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Discussion Starter · #1 ·
Everybody wants the old Dish 5000+modulator for their PC cards. I just saw one system on ebay for $1500! The modulator can't be that complicated. Has anyone seen a how-to or schematics to roll your own like old NTSC RF modulators?


Let's get some hardware design engineers to design this little baby so we can use any HDTV receiver, take component out and modulate to an ASTC RF channel frequency. Please!
 

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Great idea, those puppies would sell like hot cakes and have the studios running scared. Can it be that hard to make?

Ira


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Ira Solod [email protected]

Pioneer Elite 510, Lexicon DC-1 ver.4 DTS, Parasound 1205A 200W x [email protected] ohms, M&K S150THX LCR, M&K Surround-55 rears, Klipsch PSW-10 sub, Pioneer DV-F727, Quadscan Pro, DTC-100, JVC 7600 SVHS, Camelot Dragon 5.1, Power Wedge Ultra 111, Monster Power 2500, All homemade interconnects made mostly from RG-6QS
 

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Quote:
so we can use any HDTV receiver, take component out and modulate to an ASTC RF channel frequency. Please!
No problem. You can buy one today for a mere $100,000 (just a guess).


What the Dish 5000 modulator does is take an already existing ATSC stream and simply add 8-VSB and RF modulation. Given the right chip (a Zenith T3W41AF), that is fairly easy. But it depends on access to the ATSC data stream.


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So has anyone ever opened up a DTC-100 and IDed the chips to see if you can access the decoded ATSC bitstream? I would think that the satellite bitstream would be de-crypted first, then run through the ATSC demodulator/decoder. Since I'm pretty sure the decoder/demodulator chips don't have on-board satellite decryption, it's logical to assume that there must be a few traces on the PCB responsible for transferring the decrypted ATSC bitstream to decoder.


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So has anyone ever opened up a DTC-100 and IDed the chips to see if you can access the decoded ATSC bitstream?
Here's an idea. Form a company to develop a product that takes the DTC100's ATSC bitstream and ships it out to a recording device via firewire. Perhaps call your company 16by9 or somesuch.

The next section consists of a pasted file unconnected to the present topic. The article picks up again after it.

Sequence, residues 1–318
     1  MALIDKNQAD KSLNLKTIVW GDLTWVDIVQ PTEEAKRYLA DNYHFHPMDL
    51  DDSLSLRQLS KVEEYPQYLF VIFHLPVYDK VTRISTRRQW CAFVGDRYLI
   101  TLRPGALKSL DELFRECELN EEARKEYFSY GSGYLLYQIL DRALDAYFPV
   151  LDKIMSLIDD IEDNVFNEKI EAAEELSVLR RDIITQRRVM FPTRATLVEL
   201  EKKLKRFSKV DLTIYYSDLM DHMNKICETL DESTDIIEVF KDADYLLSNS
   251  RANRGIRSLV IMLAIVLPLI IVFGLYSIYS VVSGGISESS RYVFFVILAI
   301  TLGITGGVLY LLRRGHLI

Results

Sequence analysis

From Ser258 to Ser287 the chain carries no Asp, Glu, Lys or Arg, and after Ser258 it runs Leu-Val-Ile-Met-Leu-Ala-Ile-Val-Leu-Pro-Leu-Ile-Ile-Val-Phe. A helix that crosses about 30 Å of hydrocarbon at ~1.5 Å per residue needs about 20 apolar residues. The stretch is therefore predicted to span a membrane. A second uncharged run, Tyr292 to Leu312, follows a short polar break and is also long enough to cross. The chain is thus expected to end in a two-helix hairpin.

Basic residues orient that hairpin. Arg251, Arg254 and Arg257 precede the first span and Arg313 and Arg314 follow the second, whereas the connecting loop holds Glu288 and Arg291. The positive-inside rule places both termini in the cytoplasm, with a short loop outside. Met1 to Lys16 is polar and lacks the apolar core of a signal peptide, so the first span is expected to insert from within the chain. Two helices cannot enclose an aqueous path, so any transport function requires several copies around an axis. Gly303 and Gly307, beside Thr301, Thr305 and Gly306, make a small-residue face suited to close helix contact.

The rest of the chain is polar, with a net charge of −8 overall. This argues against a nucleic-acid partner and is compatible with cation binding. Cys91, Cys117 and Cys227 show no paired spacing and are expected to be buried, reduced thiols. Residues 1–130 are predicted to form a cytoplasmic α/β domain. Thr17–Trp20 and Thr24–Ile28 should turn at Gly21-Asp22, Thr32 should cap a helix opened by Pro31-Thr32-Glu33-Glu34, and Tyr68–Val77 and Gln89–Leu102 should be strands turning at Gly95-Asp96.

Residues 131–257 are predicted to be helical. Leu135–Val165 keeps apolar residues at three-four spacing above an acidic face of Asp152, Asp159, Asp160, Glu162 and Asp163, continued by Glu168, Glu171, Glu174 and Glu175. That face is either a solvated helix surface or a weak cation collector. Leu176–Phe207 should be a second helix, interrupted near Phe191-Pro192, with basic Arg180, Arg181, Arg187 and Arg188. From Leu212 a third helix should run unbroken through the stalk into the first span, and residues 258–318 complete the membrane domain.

Or see: http://www.avsforum.com/ubb/Forum28/HTML/000234.html



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The idea of cloning or simply copying the Dish modulator has been discussed before.


It's is really not an option. Yes, the circuit can be copied and all the parts are off the shelf. But today's digial circuits are not comprised of discrete logic chips connected together as was in the 70s and 80s. The logic is now designed in software then downloaded into a programmable chip, either when the chip is made or each time the device is powered up. This is not a simple EPROM that can be copied. My inspection of a Dish modulator reveales the logic array is probably loaded from the CPU in the 5000 receiver wioth code that was downloaded from satellite. There is no local NV memory in the modulator. This would be very difficult to capture the data file.


There are a lot of people out there with the sophisicated test equipment and knowqledge to build a modulator and attach it to any satellite receiver. Problem is these people are the deepest nerds and don't watch TV!
 

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"Here's an idea. Form a company to develop a product that takes the DTC100's ATSC bitstream and ships it out to a recording device via firewire. Perhaps call your company 16by9 or somesuch."


Very funny. I'm aware of the 16X9time fiasco - I would have definitely ordered one if they had actually come up with one. Still, I understand that they actually had a prototype working - which proves it's possible.